Goggle V is made up of three vehicles, Goggle Jet, Goggle Tank and Goggle Dump. Goggle V is one of the smaller of the Godaikin DX sized releases. Small that it might be it still stands quite tall especially compared to recent Soul of Chogokin releases. It is made up of about 75% die cast and accordingly it is a bit heavy for its size. The paint is bright and thick and applied well. I love the chrome stickers applied throughout.
Goggle Jet is a cool little vehicle. To convert the jet into the head and chest area for Goggle Robo just telescope the wings into the body of the plane and fold down the stabilizers and rudder. I think the face sculpt is one of the best of the series. To reveal Goggle V Robo’s face just turn the cockpit around and the face will be revealed.
Goggle tank is a fun little eight-wheeled vehicle typical of the 1970’s and 1980’s Super Sentai / Chogokin era. It is a nice die-cast solid vehicle with a turret on top, which shoots two yellow missiles that are provided. The detailed chrome sticker underneath the turret is a nice touch by Bandai. To transform the Tank into Goggle Robo body just open the bottom of the tank fold out the arms and fold in the wheels.
As much as I love the Goggle Tank and Goggle Jet I just do not understand why Goggle V’s legs are a dump truck, which even threw me for a spin when I was kid. Everybody knows the legs are supposed to be some kind of submarine! Nevertheless Goggle Dump is still a nice little vehicle made with some solid metal content with two rotating carriers and a dump bed which folds to a dumper. The Goggle Dump solidly snaps together and apart with two yellow folding pegs and to convert it to Goggle Robo legs just fold in the dumping beds and snap apart the dump truck and fold up the feet.
All the vehicles snap together quite firmly and once it is in Goggle Robo mode it is a solid toy. Unfortunetly there is not much of articulation to speak just the arms having the ability to move up and down. But in today’s contempory days of ultra articulation this might seem like a bad feature but back when I was a kid I had so much fun with this toy and it was one of my favorites. Do not get me wrong I hope a Soul of Chogokin version is released but this version of Goggle V is excellent as it is.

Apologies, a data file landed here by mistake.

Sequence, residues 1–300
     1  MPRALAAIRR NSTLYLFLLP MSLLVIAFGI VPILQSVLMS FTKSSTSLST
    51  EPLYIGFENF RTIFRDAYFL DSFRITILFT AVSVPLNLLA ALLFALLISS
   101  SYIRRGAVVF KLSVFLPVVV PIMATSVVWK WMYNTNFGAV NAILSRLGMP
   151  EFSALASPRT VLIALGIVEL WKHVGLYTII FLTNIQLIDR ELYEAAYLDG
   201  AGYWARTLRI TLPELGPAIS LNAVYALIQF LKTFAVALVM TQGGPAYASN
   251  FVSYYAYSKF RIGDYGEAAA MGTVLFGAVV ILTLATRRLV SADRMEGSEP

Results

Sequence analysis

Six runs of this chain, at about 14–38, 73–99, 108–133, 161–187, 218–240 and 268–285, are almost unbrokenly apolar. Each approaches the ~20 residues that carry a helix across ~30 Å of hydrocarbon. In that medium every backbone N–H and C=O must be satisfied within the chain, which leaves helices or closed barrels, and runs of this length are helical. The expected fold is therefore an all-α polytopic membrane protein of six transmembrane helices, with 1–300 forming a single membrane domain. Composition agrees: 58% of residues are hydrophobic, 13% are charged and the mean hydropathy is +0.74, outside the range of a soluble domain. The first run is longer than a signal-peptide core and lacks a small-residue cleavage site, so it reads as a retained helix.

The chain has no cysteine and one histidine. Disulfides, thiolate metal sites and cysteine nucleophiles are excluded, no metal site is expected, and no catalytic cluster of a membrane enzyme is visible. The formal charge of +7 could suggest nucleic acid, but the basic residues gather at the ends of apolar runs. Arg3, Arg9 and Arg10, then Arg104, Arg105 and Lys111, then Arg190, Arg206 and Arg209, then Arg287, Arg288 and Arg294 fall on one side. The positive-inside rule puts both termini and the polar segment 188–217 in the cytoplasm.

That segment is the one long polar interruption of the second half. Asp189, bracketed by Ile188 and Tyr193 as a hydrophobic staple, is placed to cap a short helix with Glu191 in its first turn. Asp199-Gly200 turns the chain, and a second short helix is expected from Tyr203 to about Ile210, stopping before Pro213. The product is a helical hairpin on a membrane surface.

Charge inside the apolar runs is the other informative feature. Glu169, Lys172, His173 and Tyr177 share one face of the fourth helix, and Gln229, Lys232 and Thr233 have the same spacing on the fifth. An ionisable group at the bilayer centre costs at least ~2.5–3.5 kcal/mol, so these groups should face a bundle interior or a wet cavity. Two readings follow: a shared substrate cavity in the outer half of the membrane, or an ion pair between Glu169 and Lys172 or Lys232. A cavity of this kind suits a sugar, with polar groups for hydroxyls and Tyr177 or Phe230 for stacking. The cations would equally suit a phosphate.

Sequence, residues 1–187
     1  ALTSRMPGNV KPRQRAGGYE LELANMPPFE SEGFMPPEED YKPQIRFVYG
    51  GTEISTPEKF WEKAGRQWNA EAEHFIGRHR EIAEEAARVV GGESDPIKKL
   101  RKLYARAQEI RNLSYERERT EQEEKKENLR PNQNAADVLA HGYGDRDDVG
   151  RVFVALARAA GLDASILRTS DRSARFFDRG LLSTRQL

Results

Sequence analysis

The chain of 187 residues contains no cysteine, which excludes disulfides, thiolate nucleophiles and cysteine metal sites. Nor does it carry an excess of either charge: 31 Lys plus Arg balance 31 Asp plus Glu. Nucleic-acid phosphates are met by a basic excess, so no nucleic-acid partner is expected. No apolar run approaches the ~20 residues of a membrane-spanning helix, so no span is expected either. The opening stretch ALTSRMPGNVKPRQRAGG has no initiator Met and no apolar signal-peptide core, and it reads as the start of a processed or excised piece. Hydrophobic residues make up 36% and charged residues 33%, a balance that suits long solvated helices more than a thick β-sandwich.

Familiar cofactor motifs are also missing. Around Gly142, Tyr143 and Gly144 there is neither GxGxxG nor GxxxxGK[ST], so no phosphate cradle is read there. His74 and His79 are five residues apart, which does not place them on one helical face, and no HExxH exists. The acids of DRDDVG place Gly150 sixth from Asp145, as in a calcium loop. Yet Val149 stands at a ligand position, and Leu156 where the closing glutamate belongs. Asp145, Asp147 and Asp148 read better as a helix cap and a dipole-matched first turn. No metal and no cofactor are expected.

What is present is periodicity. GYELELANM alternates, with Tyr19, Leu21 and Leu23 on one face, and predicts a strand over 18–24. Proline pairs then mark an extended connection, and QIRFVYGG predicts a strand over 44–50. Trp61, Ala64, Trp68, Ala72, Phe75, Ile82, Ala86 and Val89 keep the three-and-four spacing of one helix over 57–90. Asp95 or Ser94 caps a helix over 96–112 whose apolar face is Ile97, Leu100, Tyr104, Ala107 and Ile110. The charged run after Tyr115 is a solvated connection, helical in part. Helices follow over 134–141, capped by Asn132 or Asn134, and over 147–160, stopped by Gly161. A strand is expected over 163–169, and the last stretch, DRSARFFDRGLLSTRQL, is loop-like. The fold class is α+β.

Goggle V also comes with some great weapons. A nice large plastic chrome Earth Sword is included. Four shooting fists are also included to shoot at your cat or small dog, and a Goggle Shield is included to defend yourself from that same cat or small dog.
Three others weapons are included: a Goggle Cutter claw that snaps into the fist, a Goggle Hand mace on a real metal chain and Goggle Spindle. It looks like the Spindle should fit into something and I never figured out how the Spindle fitted with any other part, if at all. The Spindle is just a strange accessory that does not lend itself to the rest of the toy.
If you notice one part is missing, the chained Goggle Hand mace. When I was younger I had to share a room with my older brother (Yes you Michael) and I had all my robots displayed on the headboard that had a shelf above my bed. One day I get home and all my robots were gone! My brother Michael decided to “clean” our room and threw out my now thousands of dollars worth of robots in a box and threw out all the loose accessories in the dumpster.
The rest of the afternoon was spent going though the dumpster retrieving GI Joe, Spiral Zone, Godaikin, and Robotech parts. I never did find the Goggle Hand mace. Am I still angry with my brother Michael? Of course I’m still quite angry about that, we’re talking Godaikin here! I lost a lot of cool things that day and maybe I should ask him to replace it, that is something a brother would do!
You simply cannot go wrong with any of the Godaikin line of Chogokins. The packaging is always excellent, and the figure and accessories are top notch. Although Goggle V is a bit smaller than the other Godaikins it still a nice even release that is still quite impressive nearly 25 years later.
Article & Pictures © 2009 Leonardo Flores & CollectionDX.
|Posted 1 April, 2009 - 17:39 by Showapop|